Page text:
Good Kill: Top Gun this ain’t, folks.
Movie

Good Kill *

thumbnail

The battlefield in Andrew Niccol's (Gattaca, The Truman Show) latest is within the soul of Major Thomas Egan (a drawn and dead-eyed Ethan Hawke), a former fighter pilot who now spends his days in a metal box on a military base outside Las Vegas, piloting drones and taking out Middle East targets. The daily deadly desk-jockey routine of killing Taliban and then going home to barbecue has left him with one foot in each world and no heart for either. Alcohol helps but not really, and his wife (January Jones) is getting sick of the silent treatment. His gruff, low-key CO (Bruce Greenwood) sympathizes, but there's still work to be done, even the kind of morally murky work demanded by remote CIA bosses who order kills over the phone like pizza. Niccol's eye is still true — he makes great use of Vegas's empty deserts — but the problem in with the talking. The CO has to make speeches — that's his job, and he does it well — but does that mean the soldiers have to sound off, too?

Find showtimes

Besides his recent role as a wealthy developer on TV’s Mad Men, Bruce Greenwood may be most familiar as the fatherly Captain Pike in J.J. Abrams’ s Star Trek reboots. In Good Kill, he plays Lt. Colonel Jack Johns, a sterner, less paternal senior officer: the commander of a squad of drone operators. He’s concerned for his soldiers — especially pilot/gunner Thomas Egan — but the mission is what matters most.

Matthew Lickona: There are a lot of classic roles of this kind. I was wondering if you had any of them in mind as you prepared, if you pitched yourself against any of them.

Bruce Greenwood: No. When I was preparing, I went online and listened to some speeches that had been given by some Air Force generals. The speech that I found most compelling was an hour-long talk given in front of some cadets about respect for the fallen, and what we’re here to do, and how contradictory it is morally sometimes. This general was so articulate and so — measured isn’t quite the right word, but he was so conversational. I was much more affected by that than by any hoo-rah stuff.

ML: That comes through in the performance. I don’t think you ever raise your voice in the film. And that actually provides a big part of the feeling of the movie. Do you work on pitching how you sound for a role?

BG: I think I do, but for the most part, I do it unconsciously. Johns was so beautifully written by Andrew that the more I swallowed his lyric, the more it sort of demanded I do it a certain way. Johns develops this tremendous ambivalence about what he’s being asked to do.

ML: Right. I’m thinking here of his conversations with the CIA handlers at Langley. It seems clear that he’s not about to disobey their orders, but...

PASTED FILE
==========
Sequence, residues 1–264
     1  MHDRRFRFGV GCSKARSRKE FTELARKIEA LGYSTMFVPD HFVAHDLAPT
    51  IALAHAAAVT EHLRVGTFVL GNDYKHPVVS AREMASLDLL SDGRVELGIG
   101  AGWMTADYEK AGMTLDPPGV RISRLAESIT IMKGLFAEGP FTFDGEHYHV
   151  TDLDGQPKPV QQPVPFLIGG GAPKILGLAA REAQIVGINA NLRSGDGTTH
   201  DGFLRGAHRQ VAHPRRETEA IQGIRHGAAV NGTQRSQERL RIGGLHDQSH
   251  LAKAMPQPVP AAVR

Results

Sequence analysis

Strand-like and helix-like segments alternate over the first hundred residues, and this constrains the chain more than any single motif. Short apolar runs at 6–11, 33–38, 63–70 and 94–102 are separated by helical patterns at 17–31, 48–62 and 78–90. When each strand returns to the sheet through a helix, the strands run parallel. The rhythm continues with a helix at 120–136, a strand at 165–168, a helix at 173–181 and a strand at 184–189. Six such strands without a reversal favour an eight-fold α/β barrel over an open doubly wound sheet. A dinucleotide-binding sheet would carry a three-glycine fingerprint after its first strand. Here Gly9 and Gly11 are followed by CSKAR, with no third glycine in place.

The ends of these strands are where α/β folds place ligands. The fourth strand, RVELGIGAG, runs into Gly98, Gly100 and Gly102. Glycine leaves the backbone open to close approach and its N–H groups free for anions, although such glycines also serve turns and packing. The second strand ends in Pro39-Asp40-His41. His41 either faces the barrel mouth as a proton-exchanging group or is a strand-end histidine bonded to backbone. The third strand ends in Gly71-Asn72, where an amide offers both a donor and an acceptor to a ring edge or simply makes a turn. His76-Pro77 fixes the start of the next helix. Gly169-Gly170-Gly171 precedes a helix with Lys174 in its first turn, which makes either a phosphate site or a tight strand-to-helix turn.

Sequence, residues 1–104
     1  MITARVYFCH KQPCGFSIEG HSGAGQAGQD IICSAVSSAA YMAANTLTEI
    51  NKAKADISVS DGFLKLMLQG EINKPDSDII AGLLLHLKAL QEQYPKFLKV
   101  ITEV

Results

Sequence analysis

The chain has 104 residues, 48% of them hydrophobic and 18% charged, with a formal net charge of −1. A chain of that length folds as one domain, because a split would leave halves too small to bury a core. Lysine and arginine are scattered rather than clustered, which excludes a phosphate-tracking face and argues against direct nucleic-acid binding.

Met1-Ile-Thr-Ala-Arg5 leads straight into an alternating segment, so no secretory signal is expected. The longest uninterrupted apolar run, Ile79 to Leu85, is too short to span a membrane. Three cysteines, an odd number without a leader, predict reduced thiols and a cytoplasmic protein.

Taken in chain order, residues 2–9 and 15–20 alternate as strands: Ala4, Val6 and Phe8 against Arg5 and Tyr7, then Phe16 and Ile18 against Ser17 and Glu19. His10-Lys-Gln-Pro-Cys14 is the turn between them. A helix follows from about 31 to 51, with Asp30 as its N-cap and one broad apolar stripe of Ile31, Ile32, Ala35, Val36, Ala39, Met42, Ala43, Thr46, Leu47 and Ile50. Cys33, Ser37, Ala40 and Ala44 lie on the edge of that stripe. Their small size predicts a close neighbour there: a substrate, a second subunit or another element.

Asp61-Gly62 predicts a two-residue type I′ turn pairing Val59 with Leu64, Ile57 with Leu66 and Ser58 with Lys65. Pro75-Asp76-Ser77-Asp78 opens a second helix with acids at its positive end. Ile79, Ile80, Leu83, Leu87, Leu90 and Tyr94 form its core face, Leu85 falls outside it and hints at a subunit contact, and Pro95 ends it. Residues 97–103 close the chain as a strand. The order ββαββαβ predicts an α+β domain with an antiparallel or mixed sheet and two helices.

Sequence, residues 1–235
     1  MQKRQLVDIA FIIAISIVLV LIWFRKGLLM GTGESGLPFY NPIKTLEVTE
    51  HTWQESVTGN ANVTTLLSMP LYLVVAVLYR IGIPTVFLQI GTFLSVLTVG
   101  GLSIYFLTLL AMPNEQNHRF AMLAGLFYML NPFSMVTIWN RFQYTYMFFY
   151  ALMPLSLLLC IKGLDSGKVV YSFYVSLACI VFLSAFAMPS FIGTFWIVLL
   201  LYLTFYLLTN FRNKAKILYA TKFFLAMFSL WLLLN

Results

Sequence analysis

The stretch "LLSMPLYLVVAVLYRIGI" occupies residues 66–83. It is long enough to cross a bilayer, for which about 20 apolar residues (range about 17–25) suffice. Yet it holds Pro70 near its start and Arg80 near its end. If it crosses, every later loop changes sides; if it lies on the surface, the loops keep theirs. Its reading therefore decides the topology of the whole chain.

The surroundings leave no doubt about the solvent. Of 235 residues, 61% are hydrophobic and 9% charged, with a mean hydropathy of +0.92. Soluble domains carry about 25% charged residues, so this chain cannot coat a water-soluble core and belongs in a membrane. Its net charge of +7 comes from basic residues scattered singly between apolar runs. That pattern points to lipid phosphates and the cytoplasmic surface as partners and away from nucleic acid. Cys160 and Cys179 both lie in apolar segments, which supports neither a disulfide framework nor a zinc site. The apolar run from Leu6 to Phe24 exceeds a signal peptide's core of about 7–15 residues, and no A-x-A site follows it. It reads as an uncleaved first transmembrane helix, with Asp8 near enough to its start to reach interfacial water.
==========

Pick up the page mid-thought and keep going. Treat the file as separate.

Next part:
BG: But he’s not about to let them go unchallenged, or at least unacknowledged. Because he’s being asked to do things that are beyond his expectations. Also, he’s a military man whose authority has been, if not co-opted, at least shifted to Langley and the lawyers and bean-counters. For a military man, that’s something very difficult to swallow.

ML: Eventually, Johns does give a speech to the team where he reconciles himself — and tries to reconcile them — to Langley’s policies. Did you have to try to sell yourself on that speech in order to make it?

BG: The way I looked at that was, what was the purpose of that speech for Johns himself? Was it to re-energize his troops so that they would do what they had to, in spite of the way he really feels? Or was it the truth? I tried to do it in such a way that it appears to be the way he really feels, but then, upon reflection, you have to ask yourself, “I wonder if he said that for effect?” That’s what I was aiming for. I don’t know whether Andrew was intending for that to be absolute on the part of Johns, but...

ML: Can you talk about how he went about directing a scene like that? How you worked with him?

Video:

Good Kill Official Trailer

BG: I shouldn’t say I didn’t know what his intentions were. I think his intention was to have Johns’s speech be sincere. But I didn’t invite him into my thought process about what I thought about Johns’s level of sincerity. That may have been just my personal way to avoid taking the stance that Johns takes, to make it ambiguous in my own mind. It may not be ambiguous to the viewer at all. As for directing, Andrew is really clear about what he wants, even about cadence. We had a couple of fun conversations where he’d say, “You’re not leaning on the operative word I want here.” And I would say, “I want to lean on a more obscure operative word.” And he would say, “Well, don’t.” And I would say, “Okay, fine. You wrote it. That’s your prerogative.” But there was never anything but respect.

ML: How did you conceive of your relationship with Egan?

BG: They’re men that share a period, even if they’re half a generation apart. I think Johns is loath to let his last link to a time that he remembers disappear. He wants a guy around whose experiences mirror his own. So he presses Egan to carry on, to Egan’s complete and utter disillusionment. I think Johns is, at a certain level, unwilling to see the stress that Egan is under because he doesn’t want to admit that Egan should be relieved before he does something for which he can’t be forgiven.

ML: Watching this, I thought to myself, Remember the days when people might see a movie that actually changed the way they thought about things? I was wondering, has that ever happened to you?

BG: Dead Man Walking with Sean Penn as the death-row convict and Susan Sarandon as Sister Helen Prejean. The credits started to roll at the end, and the theater was still dark, and I was a wreck. It crushed me. My wife was uplifted by Sister Prejean’s love and her ability to forgive. But for me, it was that man is dark in his soul, and there is no redemption. It hit me that it was all pointless, and there was nothing in our future but horror and misinformation, and no reconciliation. It brutalized me. I just sat there heaving. My wife looked over at me and said, “What’s wrong?” I said, “I don’t even know how to describe it to you. It’s too ugly.”

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Interesting reaction to DEAD MAN WALKING.

May 28, 2015